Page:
SECOND LAST INSTALLMENT
Join me next week for the conclusion to this serialized adventure, first posted in the spring of 2010.
The novel-length version is set to release by the end of this month. I just shot the book cover and book trailer on the weekend.
On Thursday I'll be posting a sneak peek at the shoot.
To recap this dark fantasy story so far:
As a small boy of seven, Scorpius was fetched from the nursery where he'd been raised to live among the nobility - fetched not by his family, but by a falconer to serve as his apprentice.
Scorpius soon learned that a close encounter with a dragon was preferable to the cruelties of the nobles he'd once hoped were family. His master did whatever he could to shield Scorpius from the world outside their cottage, but the falconer was merely a servant who must obey his own masters.
An attempt on the life of a young noble while on a hunt sent the falconer and his apprentice on abruptly different paths, bringing Scorpius into the service of Lord Thibault's noble house.
We now continue with Scorpius at age nineteen.
You can follow the progress of this story arc by clicking on the Works in Progress link just under the blog header. The Serialists - hosted by Alice Audrey - appears on Wednesdays.
“Grandfather,” she said, her voice tight with unshed tears.
“I do hope you have enjoyed your stay here,” Pruzhnino said in a tone Scorpius had never heard coming from Lord Thibault’s father before.
Lady Aerthrudha released her grandsire’s hands and curtsied deeply before the duke. “A peek inside the heavens could not have been sweeter.”
“My dear,” Lord Thibault’s father said, bending to sweep the lady’s fingers up to his lips, “my House will be the poorer for the loss of such a luminous guest as yourself.”
Scorpius stood seeing and hearing, yet none of it seemed to make its garbled way past the memories which swarmed foremost in his mind. He saw the image of the pale slave girl tiring of being run down in the hunting field, finally turning to meet her fate at the hands of Lord Dirske. Now Duke of Razlava.
Someone joined him, brushing beside him as if to hold him up.
“Remember what I told you,” the chancellor said.
Scorpius glanced sideways. The duke’s advisor wore a grim expression, yet he nodded and flicked his head forward as if to coax Scorpius toward the nobles.
“You may be every bit a lord in your own right,” his master had said on the stairs. “It will all be up to you, Scorpius. Make yourself known.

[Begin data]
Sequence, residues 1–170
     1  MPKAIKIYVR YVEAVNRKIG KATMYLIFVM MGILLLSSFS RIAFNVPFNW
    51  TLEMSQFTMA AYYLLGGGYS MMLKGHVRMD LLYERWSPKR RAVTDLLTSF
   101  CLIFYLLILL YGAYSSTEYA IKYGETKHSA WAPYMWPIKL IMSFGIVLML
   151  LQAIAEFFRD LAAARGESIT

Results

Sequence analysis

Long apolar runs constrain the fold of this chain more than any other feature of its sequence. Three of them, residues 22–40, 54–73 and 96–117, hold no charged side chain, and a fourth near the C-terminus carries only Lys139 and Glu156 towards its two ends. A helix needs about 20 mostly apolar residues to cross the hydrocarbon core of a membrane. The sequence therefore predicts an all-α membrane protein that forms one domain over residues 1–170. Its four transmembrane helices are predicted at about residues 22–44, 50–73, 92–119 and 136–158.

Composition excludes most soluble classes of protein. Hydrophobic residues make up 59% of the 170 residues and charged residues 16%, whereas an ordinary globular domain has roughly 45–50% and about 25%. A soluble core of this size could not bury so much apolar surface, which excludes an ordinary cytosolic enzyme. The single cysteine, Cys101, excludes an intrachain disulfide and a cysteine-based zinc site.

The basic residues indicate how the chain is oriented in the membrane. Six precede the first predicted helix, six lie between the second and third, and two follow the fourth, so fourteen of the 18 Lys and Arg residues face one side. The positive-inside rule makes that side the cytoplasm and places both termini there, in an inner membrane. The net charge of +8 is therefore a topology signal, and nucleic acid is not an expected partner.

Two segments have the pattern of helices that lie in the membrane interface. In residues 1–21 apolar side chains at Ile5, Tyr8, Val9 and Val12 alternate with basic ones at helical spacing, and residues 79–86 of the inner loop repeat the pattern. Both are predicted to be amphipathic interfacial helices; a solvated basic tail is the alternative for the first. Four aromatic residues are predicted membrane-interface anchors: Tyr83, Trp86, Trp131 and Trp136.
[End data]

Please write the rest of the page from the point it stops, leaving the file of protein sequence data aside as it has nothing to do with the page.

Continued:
“Make yourself known to the Duke of Razlava, with whom my father wishes to form an alliance.”
Scorpius shook his head, no.
“We can yet secure an alliance with this House if they claim you,” the chancellor whispered.
“No!” Scorpius whispered hotly, as both dukes and the lady turned to regard him.
“Problem, my Lord Chancellor?” Razlava said.
Scorpius fought the urge to leap forward, sweep Lady Aerthrudha from her grandsire’s reach and flee before it was too late.
The chancellor stepped forward slightly, grasping Scorpius by the elbow and pressing him closer to the rival dukes. “No trouble, Your Grace,” the chancellor said. “We were discussing our duties, only.”
Scorpius glanced sideways at the chancellor. Duties. What duty did he owe this House, other than to Lord Thibault, to whom he owed everything?
“I never thought to help you search out your family when I brought you here,” Lord Thibault had said on the stairs. “I just wanted you for my man.”
A cascade of memories assaulted him, filled with laughter, brotherly embrace, meeting blade with blade.
Razlava turned back to Pruzhnino, smiling the same hard smile he’d once used at the falconer’s cottage. “Dutifully, I sent my granddaughter here, and dutifully I fetch her back again.”
Lord Thibault’s father nodded sadly. “Time seems so strangely to fly, does it not? Seems too short a time has gone by for this to be your granddaughter, and not your daughter, the gods show their mercy.”
Razlava took a tiny step backwards. Thrusting his chin forward, he said, “I thank you for your memories of her.”
“Lady Aerthrudha is the spitting image of her, don’t you think?” Pruzhnino said, stepping forward to grasp the maiden softly by the chin.
She gazed intently into Pruzhnino’s eyes. “Do you think so?” she asked. “No one ever speaks of her. My mother.”
Scorpius’ gut hollowed out inside him. He could barely get his breath.
“What could she have been, other than a beauty?” the chancellor said. “Seeds don’t drift far, only far enough to bloom.”
“Some seeds drift, my Lord Chancellor,” Razlava said. “Some seeds only produce chaff.” As he spoke, he stepped slowly toward Scorpius, looking him up and down.
“My dear,” Pruzhnino said, cupping his palm gently on Lady Aerthrudha’s cheek, “you may be sure your mother held every man under her spell. Including me.”
“Would that my daughter had been your choice of bride, then, Pruzhnino,” Razlava said, stopping before Scorpius and gazing down in haunted distraction.
“Who could say if that would have saved her." Pruzhnino took the maiden's face in his hands and kissed the tears away.